Why the House of Kieraya wants furniture to touch all income levels
Ajith Mohan Karimpana, founder of the House of Kieraya, believes the category deserves an omni-channel approach which would cover new and pre-owned categories supported by ecommerce to drive growth.
About five-years-ago when Furlenco and Furbicle began to make a mark in the homes of Indians who were migrating to multiple cities the concept of pricing furniture, as a subscription product, was completely new. Now that the idea has been tested and ready to scale, Ajith Mohan the founder of the House of Kieray, the parent organisation of the brands
Prava, Furlenco and Furbicle, spoke to theupstreamlife.com about the future of furniture rentals and his vision to build the best experience with great designs. Here are the excerpts of the interview:
How did this ten year journey begin?
Ajith Mohan: Although I loved the education system and I enjoyed working there, I found the USA to be very boring. All the first principles innovation have been done, it is a developed country. They are solving super technical problems like going to Mars. In my case I wanted to focus on what needs to be solved here in our world. I did not want to be in investment banking and a corporate job. I decided to move to India because there are so many problems to be solved. I asked my employer, Goldman Sachs at the time, to allow me to work out of India and that's when the startup idea began taking shape.
You had personal experiences and that's how you decided to focus on the category?
Ajith Mohan: I sold all my furniture, bought in America, at a very low price; about $5000 worth of items were sold for $500. Upon arriving in India I bought furniture again and I realised that I was mis-sold products that did not match my expectations. For example, the furniture store owner had told me that the furniture I had purchased was made out of teak wood. It turned out to be anything but teak. I realised then that furniture, as a category, suffered from issues such as packaging, logistics, pricing and importantly they had been built and designed to stay at home forever. The furniture was not designed to move around or for a new customer who would want to use the product and return it.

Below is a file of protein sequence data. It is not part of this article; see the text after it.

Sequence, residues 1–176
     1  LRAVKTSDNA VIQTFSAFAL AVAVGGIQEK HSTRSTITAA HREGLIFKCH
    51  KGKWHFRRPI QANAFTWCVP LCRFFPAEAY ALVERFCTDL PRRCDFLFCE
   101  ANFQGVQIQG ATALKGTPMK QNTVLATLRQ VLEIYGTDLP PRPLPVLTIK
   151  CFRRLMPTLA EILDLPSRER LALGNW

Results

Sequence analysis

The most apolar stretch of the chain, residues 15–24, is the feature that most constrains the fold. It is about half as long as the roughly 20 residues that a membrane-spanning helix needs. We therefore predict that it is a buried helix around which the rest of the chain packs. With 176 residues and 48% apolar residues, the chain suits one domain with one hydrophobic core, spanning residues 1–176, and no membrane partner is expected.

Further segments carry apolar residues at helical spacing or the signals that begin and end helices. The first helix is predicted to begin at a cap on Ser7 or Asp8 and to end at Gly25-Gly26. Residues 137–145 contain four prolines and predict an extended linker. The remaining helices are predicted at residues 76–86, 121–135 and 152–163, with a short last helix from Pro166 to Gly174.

Also corporate employees travelling for short stints would have their companies paying full price for the furniture. The companies would pay through their nose to shop furniture for expats. This was when I started up, a decade ago, to solve all these things and I did not, to be honest, know what would happen. I was a first time entrepreneur. I went about logically building the business. I began working on pricing a rental sofa, which was not done before, I had to decide how much a customer would pay on a monthly basis for renting a Rs 40000 sofa. We were the first ones to set these prices in India. We had to position the brand and show what is of value to the customer.
(Please watch or listen to the entire podcast to know more about Ajith's ambition and plans.)